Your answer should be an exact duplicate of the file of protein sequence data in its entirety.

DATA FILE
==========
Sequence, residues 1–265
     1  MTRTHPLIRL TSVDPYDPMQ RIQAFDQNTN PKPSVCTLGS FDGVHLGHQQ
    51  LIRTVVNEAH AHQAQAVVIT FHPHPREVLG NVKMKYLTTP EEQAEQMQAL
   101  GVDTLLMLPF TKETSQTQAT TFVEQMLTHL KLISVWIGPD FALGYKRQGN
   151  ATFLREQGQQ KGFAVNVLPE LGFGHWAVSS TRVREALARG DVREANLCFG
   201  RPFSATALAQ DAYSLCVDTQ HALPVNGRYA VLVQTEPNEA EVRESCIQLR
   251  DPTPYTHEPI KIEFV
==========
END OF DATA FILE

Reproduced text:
Sequence, residues 1–265
     1  MTRTHPLIRL TSVDPYDPMQ RIQAFDQNTN PKPSVCTLGS FDGVHLGHQQ
    51  LIRTVVNEAH AHQAQAVVIT FHPHPREVLG NVKMKYLTTP EEQAEQMQAL
   101  GVDTLLMLPF TKETSQTQAT TFVEQMLTHL KLISVWIGPD FALGYKRQGN
   151  ATFLREQGQQ KGFAVNVLPE LGFGHWAVSS TRVREALARG DVREANLCFG
   201  RPFSATALAQ DAYSLCVDTQ HALPVNGRYA VLVQTEPNEA EVRESCIQLR
   251  DPTPYTHEPI KIEFV